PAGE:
The process involved the council looking at all the options and then prioritizing. In order to attach meaningful numbers to these options, staff has categorized different lands for each option. They have also created planning documents. They are close to having fleshed out different parcels of property that would fall under each of the options.


The options are as follows:

  1. No more land acquisition. We are not going to look for any new land until financial situation improves. Doesn’t mean we might not buy a parcel here or there. (Land Advisory Council does not support). Put resources into protecting the land that we have
  2. Only look at parcels that are inholdings, or that we want to acquire to enhance existing properties.       Ones that would make it easier to manage existing preserves.

Example: Properties along Kishwaukee River.

  1. Areas with significant natural resource value, as determined by the Illinois Wildlife Action Plan (IWAP), The Illinois Natural Areas Inventory (INAI) conducted by the Illinois Natural History Survey, those with endangered species, or otherwise identified as having value. They have identified more lands in this category.
  2. Complete acquisitions in Kishwaukee Gorge – 375 acres – (between Cherry Valley and New Milford), because this is where development is still occurring, properties are fragile and they are    naturally significant. These always have been identified as a priority for the Forest Preserve          District.
  3. Enlarge existing Preserves (in addition to #4) – Hartley, Laona Heights, Severson Dells, Kinnikinnick Creek, Grove Creek, and Sugar River Alder. Not as much restoration and maintenance investment as there are already existing preserves with existing staff. This category includes a considerable amount of land.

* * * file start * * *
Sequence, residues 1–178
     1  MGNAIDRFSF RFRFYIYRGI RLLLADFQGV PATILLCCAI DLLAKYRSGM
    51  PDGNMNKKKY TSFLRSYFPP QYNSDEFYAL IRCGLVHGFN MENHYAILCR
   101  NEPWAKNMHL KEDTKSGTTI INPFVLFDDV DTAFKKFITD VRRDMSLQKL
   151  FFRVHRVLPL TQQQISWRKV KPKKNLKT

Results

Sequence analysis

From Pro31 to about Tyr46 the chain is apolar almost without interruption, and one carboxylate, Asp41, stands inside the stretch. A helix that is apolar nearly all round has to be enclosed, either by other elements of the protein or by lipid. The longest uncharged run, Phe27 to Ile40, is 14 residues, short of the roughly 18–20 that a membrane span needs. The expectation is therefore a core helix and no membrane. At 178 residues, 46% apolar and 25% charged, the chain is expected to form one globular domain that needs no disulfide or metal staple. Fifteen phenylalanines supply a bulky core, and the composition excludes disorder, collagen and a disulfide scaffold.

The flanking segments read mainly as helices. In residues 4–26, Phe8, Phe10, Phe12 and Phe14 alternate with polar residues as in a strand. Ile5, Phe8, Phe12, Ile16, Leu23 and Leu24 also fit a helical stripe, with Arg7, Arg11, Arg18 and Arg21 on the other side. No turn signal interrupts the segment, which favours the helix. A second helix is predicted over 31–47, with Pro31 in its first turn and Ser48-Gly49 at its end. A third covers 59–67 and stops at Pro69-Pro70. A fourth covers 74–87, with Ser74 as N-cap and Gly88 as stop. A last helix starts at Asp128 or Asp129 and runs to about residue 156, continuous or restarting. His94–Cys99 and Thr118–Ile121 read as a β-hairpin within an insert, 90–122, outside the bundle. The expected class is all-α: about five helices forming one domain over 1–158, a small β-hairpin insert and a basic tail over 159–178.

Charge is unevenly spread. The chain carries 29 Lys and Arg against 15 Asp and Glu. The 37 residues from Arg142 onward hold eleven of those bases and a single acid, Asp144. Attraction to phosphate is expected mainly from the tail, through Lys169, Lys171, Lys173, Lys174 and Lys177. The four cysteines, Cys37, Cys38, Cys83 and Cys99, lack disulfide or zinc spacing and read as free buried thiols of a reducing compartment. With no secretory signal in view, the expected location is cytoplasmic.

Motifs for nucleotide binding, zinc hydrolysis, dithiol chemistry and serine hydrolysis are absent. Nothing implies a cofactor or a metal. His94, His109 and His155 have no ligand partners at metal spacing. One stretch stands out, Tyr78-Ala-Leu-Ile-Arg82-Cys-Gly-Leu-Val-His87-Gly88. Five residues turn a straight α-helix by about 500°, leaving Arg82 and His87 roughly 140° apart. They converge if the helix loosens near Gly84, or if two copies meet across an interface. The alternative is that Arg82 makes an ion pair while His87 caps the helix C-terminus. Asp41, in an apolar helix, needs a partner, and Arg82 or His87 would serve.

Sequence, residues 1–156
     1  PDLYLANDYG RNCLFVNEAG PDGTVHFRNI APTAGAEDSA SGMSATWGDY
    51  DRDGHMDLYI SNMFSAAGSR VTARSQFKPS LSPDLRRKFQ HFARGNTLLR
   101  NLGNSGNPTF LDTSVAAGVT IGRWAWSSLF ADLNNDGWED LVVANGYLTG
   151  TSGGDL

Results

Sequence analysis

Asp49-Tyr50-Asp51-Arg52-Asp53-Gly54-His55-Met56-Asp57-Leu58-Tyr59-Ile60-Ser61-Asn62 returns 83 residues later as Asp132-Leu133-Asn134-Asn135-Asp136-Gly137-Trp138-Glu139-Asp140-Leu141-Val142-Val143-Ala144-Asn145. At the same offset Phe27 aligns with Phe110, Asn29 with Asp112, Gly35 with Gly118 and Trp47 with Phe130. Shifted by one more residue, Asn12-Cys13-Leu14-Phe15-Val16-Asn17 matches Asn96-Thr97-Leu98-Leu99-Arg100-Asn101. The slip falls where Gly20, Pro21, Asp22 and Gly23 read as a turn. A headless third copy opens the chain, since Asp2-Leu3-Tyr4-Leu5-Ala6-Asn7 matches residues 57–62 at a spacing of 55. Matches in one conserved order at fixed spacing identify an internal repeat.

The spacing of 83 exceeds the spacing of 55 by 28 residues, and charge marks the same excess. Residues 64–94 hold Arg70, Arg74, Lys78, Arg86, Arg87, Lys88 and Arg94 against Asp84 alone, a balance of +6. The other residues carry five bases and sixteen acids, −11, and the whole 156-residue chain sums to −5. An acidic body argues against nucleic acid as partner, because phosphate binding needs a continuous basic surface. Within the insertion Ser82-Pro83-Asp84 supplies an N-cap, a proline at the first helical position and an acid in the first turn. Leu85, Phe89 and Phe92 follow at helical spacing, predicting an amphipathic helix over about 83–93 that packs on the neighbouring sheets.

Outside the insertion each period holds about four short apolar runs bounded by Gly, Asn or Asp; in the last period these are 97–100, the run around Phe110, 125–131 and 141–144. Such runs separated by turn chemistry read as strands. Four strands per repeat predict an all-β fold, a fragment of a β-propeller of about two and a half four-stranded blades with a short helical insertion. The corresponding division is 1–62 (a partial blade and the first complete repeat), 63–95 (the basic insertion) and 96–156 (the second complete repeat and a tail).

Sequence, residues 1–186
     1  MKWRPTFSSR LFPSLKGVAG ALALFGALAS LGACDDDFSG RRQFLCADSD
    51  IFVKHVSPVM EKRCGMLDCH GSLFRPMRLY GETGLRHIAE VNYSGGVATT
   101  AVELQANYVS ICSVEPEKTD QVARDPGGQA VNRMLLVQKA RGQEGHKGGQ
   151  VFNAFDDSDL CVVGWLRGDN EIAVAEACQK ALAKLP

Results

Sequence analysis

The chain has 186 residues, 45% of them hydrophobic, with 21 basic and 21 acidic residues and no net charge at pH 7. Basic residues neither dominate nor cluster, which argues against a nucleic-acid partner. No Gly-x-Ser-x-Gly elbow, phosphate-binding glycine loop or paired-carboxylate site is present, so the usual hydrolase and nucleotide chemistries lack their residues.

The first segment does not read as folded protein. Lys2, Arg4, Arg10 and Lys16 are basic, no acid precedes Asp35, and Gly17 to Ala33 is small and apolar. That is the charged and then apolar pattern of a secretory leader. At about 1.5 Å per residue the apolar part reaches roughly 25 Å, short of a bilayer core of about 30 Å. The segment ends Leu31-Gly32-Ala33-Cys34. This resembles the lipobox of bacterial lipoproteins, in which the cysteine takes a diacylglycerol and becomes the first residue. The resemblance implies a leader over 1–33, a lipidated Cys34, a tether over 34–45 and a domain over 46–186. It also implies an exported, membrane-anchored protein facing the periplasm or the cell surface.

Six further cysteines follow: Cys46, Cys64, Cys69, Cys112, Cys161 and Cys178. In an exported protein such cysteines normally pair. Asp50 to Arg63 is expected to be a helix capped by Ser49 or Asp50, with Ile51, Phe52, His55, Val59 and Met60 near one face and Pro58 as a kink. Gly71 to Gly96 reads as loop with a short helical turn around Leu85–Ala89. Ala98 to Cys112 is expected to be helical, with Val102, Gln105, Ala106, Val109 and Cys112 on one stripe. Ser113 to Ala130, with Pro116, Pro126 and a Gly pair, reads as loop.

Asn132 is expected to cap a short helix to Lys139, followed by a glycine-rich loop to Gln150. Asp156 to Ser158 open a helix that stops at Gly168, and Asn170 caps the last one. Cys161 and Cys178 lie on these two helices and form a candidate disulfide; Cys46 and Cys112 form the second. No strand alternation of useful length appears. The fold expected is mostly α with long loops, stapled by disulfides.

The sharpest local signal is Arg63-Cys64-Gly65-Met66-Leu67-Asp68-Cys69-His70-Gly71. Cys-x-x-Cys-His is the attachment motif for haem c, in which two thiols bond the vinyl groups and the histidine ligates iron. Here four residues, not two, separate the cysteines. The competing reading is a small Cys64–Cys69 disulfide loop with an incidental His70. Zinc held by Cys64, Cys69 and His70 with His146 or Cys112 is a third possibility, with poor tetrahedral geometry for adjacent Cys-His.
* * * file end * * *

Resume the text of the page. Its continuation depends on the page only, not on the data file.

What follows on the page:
4. Expand holdings along Pecatonica River, Sugar River, Kishwaukee River and Kilbuck Creek – looking at major additions (this includes Ferguson).
  5. Lower priority – Create preserves in new areas (may require partnerships)

-Lower Rock – near County Line

-Upper Rock, South Beloit


To manage these areas would require capital construction and additional staff (this would include Nature at the Confluence.)


The Land Advisory Council recommended Options 2, 3 and 4 after taking all the variables into consideration. If we want to complete Options 2 – 4, we should project land acquisition costs at $7 million at $5,000/acre to $14 million at $10,000/acre.


When we talk about acquiring land, we have to know what funding strategies are available. Who might we partner with? Fund-raising is an option. The Land Advisory Council would like to know in which areas the Commissioners would like them to focus their efforts.


Johnson wants to be sure the board does not get panicky because of current lack of funds. This is a long-term process. Barnard noted that there are grants that can go for wetlands, habitat, etc. Steve Chapman will report on bonding ability if we were to re-bond – at next meeting.


Barnard asked Holan to comment. He feels that once you get past the first option, there are costs to the District; cost of staff time, capital improvements, etc. Even an infill property (Ex: Bauer) require some costs, for example, putting in a trail – add that cost, mowing, etc. Even if we are looking at mothballing land, you might end up with invasive plant species, etc. Being that we have a heavy agricultural community throughout the county, the Forest Preserve’s invasive species could ultimately adversely affect their lands.